Diagnosis of mucormycosis is based on a high index of suspicion, along with a combination of appropriate imaging, histopathologic identification, microbiology, and newer molecular diagnostic tests. Tissue biopsy is needed to confirm the etiological diagnosis, and direct identification of the organism by culture or histopathology is the gold standard. Molecular diagnostic tests for identification of Mucorales are increasingly used for early detection of infection and identification of genus even in cases where the histopathology is suggestive of Mucorales, but the cultures are negative. Qualitative and quantitative polymerase chain reaction has been used to detect infection in lung tissue, bronchoalveolar lavage fluuid, and serum samples. Timely diagnosis and treatment are crucial due to the aggressive course of mucormycosis that may eventually lead to tissue necrosis and dissemination. The optimal management of mucormycosis is based on early recognition and initiation of treatment, surgical resection of necrotic tissue, and reversal of predisposing factors, such as uncontrolled hyperglycemia, immunosuppression, and neutropenia. Amphotericin B and posaconazole are the only antifungal agents currently available that are active against Mucorales. Amphotericin B is considered the drug of choice. Surgical debridement is important in localized disease. The role of combination therapy and newer agents such as isavuconazole therapy remains to be defined. Despite early diagnosis and treatment, graft loss and mortality rate remain high in patients with disseminated disease.[2]

Prognostically invasive fungal infections are associated with increased morbidity and mortality in renal transplant patients. Nearly 6.1% of renal transplant recipients were affected by systemic fungal infections and resulted in 63% mortality rate.[3] The overall mortality rate among SOT recipients with mucormycosis is generally 38%–48%.[1] Early detection and appropriate timely management of fungal infections play a decisive role in improving the survival and reducing the mortality.[3]


  Conclusion Top


Mucormycosis infecting liver is a rare but serious infection in renal transplant recipients.[2] Hence, it is important to be aware of this possible diagnosis in all immunosuppressed patients.

Declaration of patient consent

The authors certify that they have obtained all appropriate patient consent forms. In the form the patient(s) has/have given his/her/their consent for his/her/their images and other clinical information to be reported in the journal. The patients understand that their names and initials will not be published and due efforts will be made to conceal their identity, but anonymity cannot be guaranteed.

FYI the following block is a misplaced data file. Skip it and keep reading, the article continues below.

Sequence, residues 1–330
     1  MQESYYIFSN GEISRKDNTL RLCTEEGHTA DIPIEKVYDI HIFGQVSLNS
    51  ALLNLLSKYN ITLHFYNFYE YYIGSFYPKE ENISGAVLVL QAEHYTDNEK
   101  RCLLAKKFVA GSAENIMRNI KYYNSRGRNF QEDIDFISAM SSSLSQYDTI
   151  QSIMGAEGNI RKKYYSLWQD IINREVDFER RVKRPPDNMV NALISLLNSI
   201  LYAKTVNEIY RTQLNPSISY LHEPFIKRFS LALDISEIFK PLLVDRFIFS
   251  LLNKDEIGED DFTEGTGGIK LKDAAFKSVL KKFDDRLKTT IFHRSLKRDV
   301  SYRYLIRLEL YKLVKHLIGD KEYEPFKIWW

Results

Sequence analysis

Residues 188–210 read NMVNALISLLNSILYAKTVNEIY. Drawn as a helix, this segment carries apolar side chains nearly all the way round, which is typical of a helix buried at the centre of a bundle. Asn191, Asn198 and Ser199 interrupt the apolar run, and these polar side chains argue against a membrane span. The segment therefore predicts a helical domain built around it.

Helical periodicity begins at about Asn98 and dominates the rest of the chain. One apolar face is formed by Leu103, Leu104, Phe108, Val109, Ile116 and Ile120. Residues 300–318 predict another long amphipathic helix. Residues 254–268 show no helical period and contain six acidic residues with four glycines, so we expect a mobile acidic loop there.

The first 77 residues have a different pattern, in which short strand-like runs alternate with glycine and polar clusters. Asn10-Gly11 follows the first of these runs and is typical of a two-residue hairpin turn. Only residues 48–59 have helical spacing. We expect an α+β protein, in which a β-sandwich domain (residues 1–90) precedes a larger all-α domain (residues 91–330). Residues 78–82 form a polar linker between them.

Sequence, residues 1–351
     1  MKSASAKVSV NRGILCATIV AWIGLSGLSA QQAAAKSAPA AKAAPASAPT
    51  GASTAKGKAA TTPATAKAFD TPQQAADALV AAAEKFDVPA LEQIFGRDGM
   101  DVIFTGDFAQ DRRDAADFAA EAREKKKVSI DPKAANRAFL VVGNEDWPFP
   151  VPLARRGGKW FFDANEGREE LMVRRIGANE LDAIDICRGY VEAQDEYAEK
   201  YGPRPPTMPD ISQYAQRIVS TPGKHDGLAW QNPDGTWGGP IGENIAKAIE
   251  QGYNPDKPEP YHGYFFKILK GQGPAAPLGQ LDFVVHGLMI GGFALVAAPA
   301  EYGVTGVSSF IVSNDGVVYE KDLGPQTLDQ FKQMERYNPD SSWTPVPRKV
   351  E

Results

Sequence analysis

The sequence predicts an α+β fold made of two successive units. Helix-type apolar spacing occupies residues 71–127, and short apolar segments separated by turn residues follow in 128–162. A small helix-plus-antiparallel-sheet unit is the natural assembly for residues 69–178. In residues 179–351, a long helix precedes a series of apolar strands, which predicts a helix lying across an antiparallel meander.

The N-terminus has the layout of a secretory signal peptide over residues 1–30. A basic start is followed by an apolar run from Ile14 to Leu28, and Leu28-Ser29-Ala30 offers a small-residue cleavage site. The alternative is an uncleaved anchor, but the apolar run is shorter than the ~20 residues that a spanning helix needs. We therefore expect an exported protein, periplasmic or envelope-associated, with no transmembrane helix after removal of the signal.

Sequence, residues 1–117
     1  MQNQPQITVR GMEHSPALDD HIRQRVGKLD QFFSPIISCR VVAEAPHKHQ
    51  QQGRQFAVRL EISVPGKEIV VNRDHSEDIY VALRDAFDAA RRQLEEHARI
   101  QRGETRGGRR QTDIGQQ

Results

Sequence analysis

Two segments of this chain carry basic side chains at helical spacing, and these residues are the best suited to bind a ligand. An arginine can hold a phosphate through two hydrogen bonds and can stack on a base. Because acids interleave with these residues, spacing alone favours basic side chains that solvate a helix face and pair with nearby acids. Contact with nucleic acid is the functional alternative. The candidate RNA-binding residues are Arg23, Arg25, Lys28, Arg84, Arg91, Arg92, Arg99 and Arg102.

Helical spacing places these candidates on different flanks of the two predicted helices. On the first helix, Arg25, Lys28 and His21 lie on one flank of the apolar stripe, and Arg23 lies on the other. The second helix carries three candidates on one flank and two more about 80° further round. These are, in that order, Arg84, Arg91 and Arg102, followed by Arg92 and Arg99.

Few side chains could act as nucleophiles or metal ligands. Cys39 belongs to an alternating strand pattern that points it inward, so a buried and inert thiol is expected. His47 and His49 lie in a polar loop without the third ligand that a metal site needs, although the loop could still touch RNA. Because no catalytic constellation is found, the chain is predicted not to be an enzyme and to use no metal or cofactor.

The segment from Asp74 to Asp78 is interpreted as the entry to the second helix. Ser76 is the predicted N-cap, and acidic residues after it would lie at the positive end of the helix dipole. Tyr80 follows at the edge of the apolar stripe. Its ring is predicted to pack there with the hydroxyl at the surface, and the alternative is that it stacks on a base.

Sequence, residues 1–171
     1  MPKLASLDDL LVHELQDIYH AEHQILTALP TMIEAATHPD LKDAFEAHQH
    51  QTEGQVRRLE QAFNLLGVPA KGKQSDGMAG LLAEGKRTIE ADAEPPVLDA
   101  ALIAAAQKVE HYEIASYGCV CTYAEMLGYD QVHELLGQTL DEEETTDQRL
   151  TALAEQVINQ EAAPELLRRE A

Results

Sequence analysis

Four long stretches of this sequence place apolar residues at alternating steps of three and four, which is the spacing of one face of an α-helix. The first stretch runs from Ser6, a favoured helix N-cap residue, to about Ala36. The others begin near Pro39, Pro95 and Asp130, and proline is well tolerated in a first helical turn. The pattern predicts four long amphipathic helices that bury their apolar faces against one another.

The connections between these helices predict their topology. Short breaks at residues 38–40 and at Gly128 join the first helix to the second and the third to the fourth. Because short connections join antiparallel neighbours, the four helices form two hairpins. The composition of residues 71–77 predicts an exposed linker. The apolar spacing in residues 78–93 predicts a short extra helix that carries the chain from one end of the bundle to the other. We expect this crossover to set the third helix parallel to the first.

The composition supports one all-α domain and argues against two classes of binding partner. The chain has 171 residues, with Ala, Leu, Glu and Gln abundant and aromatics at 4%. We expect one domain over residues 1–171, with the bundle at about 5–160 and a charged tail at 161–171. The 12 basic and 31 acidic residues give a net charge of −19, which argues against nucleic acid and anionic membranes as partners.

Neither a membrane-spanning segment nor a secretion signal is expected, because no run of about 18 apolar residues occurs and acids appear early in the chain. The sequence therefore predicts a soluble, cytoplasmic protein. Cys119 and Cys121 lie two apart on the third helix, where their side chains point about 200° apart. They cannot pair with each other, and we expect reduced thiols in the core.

Financial support and sponsorship

Nil.

Conflicts of interest

There are no conflicts of interest.



 
  References Top

1.
Lanternier F, Sun HY, Ribaud P, Singh N, Kontoyiannis DP, Lortholary O, et al. Mucormycosis in organ and stem cell transplant recipients. Clin Infect Dis 2012;54:1629-36.  Back to cited text no. 1
    
2.
Hamdi T, Karthikeyan V, Alangaden GJ. Mucormycosis in a renal transplant recipient: Case report and comprehensive review of literature. Int J Nephrol 2014;2014:950643.  Back to cited text no. 2
    
3.
Patel MH, Patel RD, Vanikar AV, Kanodia KV, Suthar KS, Nigam LK, et al. Invasive fungal infections in renal transplant patients: A single center study. Ren Fail 2017;39:294-8.  Back to cited text no. 3
    
4.
Silveira FP, Husain S. Fungal infections in solid organ transplantation. Med Mycol 2007;45:305-20.  Back to cited text no. 4
    
5.
Ram R, Murty KV, Prasad N. Time table of infections after renal transplantation – South Indian experience. Indian J Nephrol 2005;15:S14-21.  Back to cited text no. 5
    
6.
Mekeel KL, Hemming AW, Reed AI, Matsumoto T, Fujita S, Schain DC, et al. Hepatic mucormycosis in a renal transplant recipient. Transplantation 2005;79:1636.  Back to cited text no. 6
    


    Figures

  [Figure 1], [Figure 2], [Figure 3], [Figure 4], [Figure 5]